Since I'd rather be in London than anywhere else, especially the Southern California I'm in, I began this volume with giddy anticipation. In his narrative of the city from pre-Roman times to the present, Ackroyd touches on the history of many of its diverse aspects: rivers, commerce, architecture, transport, theaters, street ballads, parks, food, weather, maps, neighborhoods, nationalities, fires, fog, pestilences, the effects of the Blitz, public lighting, law enforcement, sanitation and clubs. He also doesn't neglect London's unsavory side: alcoholism, gambling, blood sports, prisons, crime, the homeless, poverty, beggars, mob violence, racism, child labor, prostitution, overcrowding, the insane, slums, air and water pollution, and general squalor and filth. Because the author seemed (to me) so preoccupied with the latter dreary group, I suspect he's a closet social reformer.

LONDON isn't a riveting read. Surprisingly, I could put it down for such jolly pursuits as taking out the trash and cleaning the cats' litter box. Perhaps it's because the author's style, never leavened by any humor, becomes at times almost ponderous. For instance, in the chapter "How Many Miles to Babylon?", he comments:

"Yet there is one more salient aspect to this continual analogy of London with ancient civilisations: it is the fear, or hope, or expectation that this great imperial capital will in its turn fall into ruin.
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31 of 34 people found the following review helpful By D. Myers on November 16, 2004
Format: Paperback
As far as I am concerned, you can have Paris in the springtime. Give me London in the rain.

Ackroyd's book shares many characteristics with its namesake - it is crowded, organic, chaotic, and full of life. It also shares many of the City's faults - it's hard sometimes to find what you are looking for, and you can look in vain for any reason behind the juxtapositions of different cultural artifacts. Nevertheless, anyone who has spent more than the obligatory few days in the obligatory tourist sites will recognize the city from Ackroyd's prose.

One may complain that Ackroyd lingers too much on London's history of crime, social unrest, and dirt. Well, what do you expect of a city that boasts having had the "Great Stink" of 1858? Casual travelers, people who are looking for a simplistic history to read while in line for Madame Tussaud's, and anyone who desires a Disney-fied, Mary Poppins fantasy will be unhappy with this book.

But if you want to know what London _feels_ like, this book comes closer than anything else I have read to making me feel like I do when I am there. There is no city better for aimless wandering, stumbling through alleys, exploring the Underground, and observing the small details. It is a world-city grown pell-mell by greed, lust and need, with beauty in unexpected places and quiet rarer than gold, and more precious. In short, it is life. And, as Samuel Johnson famously said, "when a man is tired of London, he is tired of life; for there is in London all that life can afford."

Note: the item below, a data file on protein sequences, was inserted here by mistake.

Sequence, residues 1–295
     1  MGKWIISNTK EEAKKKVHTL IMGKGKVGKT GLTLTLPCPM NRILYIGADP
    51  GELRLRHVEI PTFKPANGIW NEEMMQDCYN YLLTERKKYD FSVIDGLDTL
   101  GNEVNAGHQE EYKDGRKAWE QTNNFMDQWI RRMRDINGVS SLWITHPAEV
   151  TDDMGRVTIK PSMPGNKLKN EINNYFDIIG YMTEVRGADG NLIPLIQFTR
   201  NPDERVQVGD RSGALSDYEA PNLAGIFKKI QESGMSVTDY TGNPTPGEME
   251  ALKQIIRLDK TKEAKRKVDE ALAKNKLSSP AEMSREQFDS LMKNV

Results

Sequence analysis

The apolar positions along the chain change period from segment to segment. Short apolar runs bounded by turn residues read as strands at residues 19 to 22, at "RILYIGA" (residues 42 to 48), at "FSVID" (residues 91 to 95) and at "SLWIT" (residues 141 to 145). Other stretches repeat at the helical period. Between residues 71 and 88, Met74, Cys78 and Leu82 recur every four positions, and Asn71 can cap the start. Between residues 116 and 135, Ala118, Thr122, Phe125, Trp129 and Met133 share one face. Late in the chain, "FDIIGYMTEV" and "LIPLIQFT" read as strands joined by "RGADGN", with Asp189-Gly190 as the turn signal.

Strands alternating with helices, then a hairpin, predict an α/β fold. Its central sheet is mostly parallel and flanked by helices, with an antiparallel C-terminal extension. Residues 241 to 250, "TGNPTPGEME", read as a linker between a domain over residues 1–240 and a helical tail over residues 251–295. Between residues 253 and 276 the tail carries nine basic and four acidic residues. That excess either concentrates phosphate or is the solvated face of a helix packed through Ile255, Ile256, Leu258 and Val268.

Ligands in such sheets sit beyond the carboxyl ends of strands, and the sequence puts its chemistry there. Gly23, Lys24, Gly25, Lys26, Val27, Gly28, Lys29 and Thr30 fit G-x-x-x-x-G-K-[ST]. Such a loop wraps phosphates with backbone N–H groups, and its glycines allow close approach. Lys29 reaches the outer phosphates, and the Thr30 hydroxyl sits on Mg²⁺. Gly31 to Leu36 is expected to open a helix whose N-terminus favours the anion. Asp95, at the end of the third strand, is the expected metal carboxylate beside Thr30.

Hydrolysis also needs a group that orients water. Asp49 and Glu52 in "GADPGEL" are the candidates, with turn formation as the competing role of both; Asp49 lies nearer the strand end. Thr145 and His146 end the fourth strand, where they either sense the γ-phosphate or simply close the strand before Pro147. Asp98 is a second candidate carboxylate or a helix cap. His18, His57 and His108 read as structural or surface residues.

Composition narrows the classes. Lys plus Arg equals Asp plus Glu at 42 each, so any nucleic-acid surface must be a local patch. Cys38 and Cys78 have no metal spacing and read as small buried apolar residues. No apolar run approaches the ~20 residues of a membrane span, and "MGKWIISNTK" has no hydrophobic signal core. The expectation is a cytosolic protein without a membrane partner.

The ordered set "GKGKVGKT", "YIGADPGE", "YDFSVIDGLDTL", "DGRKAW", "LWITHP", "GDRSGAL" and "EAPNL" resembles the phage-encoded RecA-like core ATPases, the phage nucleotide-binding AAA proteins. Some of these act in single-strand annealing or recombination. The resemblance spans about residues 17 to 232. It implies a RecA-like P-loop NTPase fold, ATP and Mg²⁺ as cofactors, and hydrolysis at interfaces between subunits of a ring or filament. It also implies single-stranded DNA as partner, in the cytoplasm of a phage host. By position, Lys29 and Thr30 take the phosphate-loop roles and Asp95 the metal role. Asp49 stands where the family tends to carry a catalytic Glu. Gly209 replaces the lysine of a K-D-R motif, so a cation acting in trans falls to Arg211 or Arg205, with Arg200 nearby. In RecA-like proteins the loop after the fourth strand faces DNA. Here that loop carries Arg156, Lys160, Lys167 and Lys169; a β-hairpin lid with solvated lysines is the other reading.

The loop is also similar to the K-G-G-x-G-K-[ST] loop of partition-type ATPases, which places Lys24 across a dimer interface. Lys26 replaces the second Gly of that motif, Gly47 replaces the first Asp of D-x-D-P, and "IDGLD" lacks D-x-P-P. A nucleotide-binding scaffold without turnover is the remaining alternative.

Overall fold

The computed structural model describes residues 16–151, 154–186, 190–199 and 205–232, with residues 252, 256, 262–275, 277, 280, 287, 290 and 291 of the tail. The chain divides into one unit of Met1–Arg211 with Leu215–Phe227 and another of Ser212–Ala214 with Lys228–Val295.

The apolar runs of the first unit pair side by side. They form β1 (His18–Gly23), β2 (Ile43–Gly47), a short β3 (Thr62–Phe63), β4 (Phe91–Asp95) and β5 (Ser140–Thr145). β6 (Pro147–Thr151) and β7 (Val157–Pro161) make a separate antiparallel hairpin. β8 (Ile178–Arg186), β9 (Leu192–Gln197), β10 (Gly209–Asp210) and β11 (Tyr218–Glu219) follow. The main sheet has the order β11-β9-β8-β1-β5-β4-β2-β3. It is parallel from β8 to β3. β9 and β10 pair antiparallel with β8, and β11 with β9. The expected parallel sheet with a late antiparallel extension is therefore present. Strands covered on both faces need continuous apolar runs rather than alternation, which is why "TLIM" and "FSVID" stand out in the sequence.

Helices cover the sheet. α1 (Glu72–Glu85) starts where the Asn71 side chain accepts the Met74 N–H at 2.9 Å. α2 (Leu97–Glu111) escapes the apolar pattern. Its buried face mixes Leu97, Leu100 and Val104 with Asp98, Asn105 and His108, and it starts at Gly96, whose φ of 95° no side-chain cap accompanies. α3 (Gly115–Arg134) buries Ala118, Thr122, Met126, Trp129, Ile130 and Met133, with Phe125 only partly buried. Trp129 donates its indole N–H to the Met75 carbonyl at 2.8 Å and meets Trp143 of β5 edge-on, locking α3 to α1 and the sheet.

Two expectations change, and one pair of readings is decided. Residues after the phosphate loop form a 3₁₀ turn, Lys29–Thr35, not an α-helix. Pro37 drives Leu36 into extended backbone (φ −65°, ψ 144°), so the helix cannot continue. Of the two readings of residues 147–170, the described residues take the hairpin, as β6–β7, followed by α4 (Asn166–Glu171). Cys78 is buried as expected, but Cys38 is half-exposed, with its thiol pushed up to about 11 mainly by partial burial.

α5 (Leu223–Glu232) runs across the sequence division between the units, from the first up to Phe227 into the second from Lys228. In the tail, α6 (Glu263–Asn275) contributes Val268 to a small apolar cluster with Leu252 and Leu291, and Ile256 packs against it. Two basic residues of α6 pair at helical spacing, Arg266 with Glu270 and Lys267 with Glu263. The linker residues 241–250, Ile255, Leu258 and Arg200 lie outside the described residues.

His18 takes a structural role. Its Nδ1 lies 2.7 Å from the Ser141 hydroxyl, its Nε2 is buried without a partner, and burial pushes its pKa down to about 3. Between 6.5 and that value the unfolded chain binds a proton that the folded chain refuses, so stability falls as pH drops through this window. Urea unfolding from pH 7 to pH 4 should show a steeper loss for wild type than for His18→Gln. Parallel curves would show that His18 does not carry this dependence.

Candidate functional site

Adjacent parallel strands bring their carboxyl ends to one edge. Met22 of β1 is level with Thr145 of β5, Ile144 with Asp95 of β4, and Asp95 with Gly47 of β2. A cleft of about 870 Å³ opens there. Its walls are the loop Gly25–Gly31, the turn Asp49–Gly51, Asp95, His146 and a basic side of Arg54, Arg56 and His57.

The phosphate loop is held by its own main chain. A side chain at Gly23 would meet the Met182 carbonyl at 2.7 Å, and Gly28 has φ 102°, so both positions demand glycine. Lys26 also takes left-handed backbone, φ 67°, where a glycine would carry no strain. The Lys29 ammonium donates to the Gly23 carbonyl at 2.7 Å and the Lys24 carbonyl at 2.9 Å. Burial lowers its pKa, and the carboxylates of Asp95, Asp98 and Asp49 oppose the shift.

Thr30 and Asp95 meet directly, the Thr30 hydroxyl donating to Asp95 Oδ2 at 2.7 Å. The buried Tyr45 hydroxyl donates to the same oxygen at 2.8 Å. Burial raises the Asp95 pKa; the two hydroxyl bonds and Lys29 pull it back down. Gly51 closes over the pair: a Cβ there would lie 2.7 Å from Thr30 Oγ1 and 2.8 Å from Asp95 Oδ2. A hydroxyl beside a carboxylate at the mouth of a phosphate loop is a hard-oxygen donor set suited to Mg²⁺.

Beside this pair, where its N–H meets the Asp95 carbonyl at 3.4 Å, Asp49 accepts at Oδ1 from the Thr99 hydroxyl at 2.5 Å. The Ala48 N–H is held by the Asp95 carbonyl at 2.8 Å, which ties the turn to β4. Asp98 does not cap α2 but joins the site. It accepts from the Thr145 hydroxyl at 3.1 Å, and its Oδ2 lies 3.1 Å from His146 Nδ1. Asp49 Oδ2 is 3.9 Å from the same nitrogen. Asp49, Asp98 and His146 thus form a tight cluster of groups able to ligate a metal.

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41 of 47 people found the following review helpful By D. Cloyce Smith on April 18, 2004
Format: Hardcover
Impressive in its scope, astonishing in its erudition, overwhelming in its detail, "London" contains a smorgasbord of information from an awe-inspiring number of sources. Unlike most histories (much less biographies), most of the material in "London" is organized by theme; only three "events"--the Great Plague of 1665, the Great Fire of 1666, and the Blitz--are examined in depth. Chapters detail architecture, neighborhoods, markets, work, entertainment, food, drink, smells, crime, punishment, madness, sickness, and more. Critics have noted that the reader will find few aristocrats or statesmen among the pages of this book; Ackroyd's focus is on the streets, the habitats, the commoners, and the everyday life of London. Civil war and uprisings, kings and queens, mayors and parliaments are mentioned only in passing.
Yet this is certainly no treatise inspired the Annales school. Instead, "London" is a social history written by a novelist and literary historian, one who is more likely to quote Pepys, Boswell, Dickens, or Orwell than to invoke Cromwell, Pitt, Disraeli, or Churchill. The author favors fiction, diaries, essays, and similar remnants of the literati over court documents, tax records, and other types of evidence examined by English social historians such as Lawrence Stone or E. P. Thompson.
While Ackroyd excels in compilation, he neglects any attempt at true synthesis. The book's overwhelming erudition, while admirable, is sometimes oppressive, and there seems to be little thought given to the structure of the book. One could toss most of its 79 chapters into the air and read them in the order in which they fall to the ground, with little loss in comprehension.